How to Boost Employee Performance While Remote

how to boost employee performance while remoteWhen teams transition to a fully hybrid or remote work structure, leaders may wonder how to know if their remote employees are working. This can result in micromanagement behaviors and monitoring of remote employees—but no one wants to have their boss hovering over their shoulder (literally or remotely).

So how can you make sure your remote workers are working and meeting performance expectations when you aren’t together in an office?


Free ebook: Coaching Employees for High Performance Learn how to develop a  high-performing team >>>


It starts with trust. Instead of focusing on monitoring and micromanaging each part of a remote employee’s workflow, leaders should focus on building trust and empowering their team to succeed.

Discover how to boost employee performance while remote and develop successful teams no matter where they work.


How to boost employee performance while remote


Don’t let distance spell disaster for employee performance. With the right tools and strategy in place, you can not only maintain performance standards but exceed them with your remote teams.

Here’s how:


Stay connected with regular one-on-one meetings.

When your team is remote, building connections is crucial to cultivating and maintaining a good employee-manager relationship.

One-on-one meetings are a powerful opportunity to connect with your employees individually, get to know them, and work with them to solve problems, answer questions, and move the work forward. And just because you can’t meet in person, doesn’t mean these meetings are no longer important—but they are different.

To run an effective remote one-on-one meeting you will need to:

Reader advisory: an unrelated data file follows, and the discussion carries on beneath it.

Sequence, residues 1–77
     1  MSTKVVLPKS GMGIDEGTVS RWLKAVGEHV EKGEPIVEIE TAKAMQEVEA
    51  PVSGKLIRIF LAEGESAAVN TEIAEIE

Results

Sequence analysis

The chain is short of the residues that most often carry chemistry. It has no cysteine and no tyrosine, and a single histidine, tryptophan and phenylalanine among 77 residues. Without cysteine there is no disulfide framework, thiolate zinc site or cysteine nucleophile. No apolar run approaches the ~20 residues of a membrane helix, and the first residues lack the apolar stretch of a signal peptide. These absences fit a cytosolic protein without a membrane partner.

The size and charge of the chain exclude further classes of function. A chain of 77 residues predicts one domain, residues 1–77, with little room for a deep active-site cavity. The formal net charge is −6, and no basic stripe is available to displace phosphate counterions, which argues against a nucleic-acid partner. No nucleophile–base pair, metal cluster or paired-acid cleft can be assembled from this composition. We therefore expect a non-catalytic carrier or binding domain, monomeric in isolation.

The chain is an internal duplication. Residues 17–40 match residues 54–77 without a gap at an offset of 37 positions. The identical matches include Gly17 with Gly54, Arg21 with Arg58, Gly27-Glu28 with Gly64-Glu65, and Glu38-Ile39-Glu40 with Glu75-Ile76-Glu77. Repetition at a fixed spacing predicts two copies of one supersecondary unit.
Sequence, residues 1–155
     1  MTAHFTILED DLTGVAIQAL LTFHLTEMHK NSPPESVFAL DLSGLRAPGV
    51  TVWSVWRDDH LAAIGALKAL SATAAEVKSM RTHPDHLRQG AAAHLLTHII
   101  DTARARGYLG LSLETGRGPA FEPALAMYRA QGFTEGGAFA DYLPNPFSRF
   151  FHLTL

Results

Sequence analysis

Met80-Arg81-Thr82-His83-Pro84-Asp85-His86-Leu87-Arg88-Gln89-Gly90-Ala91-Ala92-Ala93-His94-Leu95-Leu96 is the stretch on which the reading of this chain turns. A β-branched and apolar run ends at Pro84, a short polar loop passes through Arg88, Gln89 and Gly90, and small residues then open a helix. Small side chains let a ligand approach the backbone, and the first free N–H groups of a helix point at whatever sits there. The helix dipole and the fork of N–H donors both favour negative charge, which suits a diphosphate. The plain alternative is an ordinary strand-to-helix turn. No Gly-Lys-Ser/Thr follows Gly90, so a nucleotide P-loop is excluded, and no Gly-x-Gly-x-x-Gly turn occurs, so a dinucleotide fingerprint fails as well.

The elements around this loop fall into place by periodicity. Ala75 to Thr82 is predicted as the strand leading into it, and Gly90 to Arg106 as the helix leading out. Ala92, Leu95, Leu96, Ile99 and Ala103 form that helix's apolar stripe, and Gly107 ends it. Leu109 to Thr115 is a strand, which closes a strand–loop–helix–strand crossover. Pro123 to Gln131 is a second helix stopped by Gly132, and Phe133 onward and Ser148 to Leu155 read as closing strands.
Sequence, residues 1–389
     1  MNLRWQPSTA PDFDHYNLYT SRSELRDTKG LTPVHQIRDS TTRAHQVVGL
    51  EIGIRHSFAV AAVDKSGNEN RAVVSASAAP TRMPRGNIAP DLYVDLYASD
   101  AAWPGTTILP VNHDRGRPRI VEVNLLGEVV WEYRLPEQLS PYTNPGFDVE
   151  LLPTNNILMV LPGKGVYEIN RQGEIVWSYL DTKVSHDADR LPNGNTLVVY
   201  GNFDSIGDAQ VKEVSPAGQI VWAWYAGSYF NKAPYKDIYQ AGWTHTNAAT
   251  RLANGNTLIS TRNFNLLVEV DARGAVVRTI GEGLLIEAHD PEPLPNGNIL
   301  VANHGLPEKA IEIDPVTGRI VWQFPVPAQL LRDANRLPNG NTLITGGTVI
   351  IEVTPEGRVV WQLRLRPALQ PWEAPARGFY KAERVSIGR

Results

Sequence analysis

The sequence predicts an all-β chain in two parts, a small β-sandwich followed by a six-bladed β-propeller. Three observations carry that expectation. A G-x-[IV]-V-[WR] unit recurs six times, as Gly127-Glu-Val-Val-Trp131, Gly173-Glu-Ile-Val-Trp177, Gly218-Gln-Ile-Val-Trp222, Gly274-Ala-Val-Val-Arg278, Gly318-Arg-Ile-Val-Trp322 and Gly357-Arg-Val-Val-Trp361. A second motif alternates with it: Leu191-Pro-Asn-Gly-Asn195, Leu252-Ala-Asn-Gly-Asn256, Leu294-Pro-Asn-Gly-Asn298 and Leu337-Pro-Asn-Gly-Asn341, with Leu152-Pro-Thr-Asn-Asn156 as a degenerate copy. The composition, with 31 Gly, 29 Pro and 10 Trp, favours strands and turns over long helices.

• Rely on tools like video conferencing that help you meet face-to-face in real time. Whenever possible, leave your video on so you can build a more natural rapport and express yourself more clearly.
  • Increase the frequency of your one-on-ones in order to stay updated and connected with your remote team. When you don’t see people in person at the office, communication can break down in between meetings. By increasing the cadence of your meetings, you can help prevent things from falling through the cracks and identify opportunities to support your team members as challenges arise—instead of weeks afterward.
  • Keep shared notes of the meeting so you and your employee have a clear record of what you discussed, action items and takeaways you left with, and next steps. This will keep everyone on the same page and ensure you have the right context when you meet again.


Align teams with flexible goals.

Goals are an important tool for remote employee performance management. Goals are helpful no matter where your team is located, but when working remotely, setting and tracking team and individual goals can help you measure progress and get clarity on performance gaps and opportunities.

Work with your remote teams to align team goals with organizational priorities and individual goals with team objectives so your people are always working together to drive the business forward.

Keep in mind that remote workers typically work from home and may have flexible schedules and different needs for resources and support. This can impact how you set and track goals, so make sure you’re communicating with your team members regularly to check in on their progress, identify potential roadblocks, and adjust their goals as needed.


Build trust with critical, performance feedback.

Giving and receiving feedback can be difficult. And working remotely can make it even more challenging when you aren’t in person to deliver it. But it doesn’t have to be a stumbling block to remote performance.

Employees who receive frequent and continuous feedback are 2.7x more likely to be engaged at work and more likely to feel motivated to perform. Use performance feedback as an opportunity to build trust and help your employees meet their goals.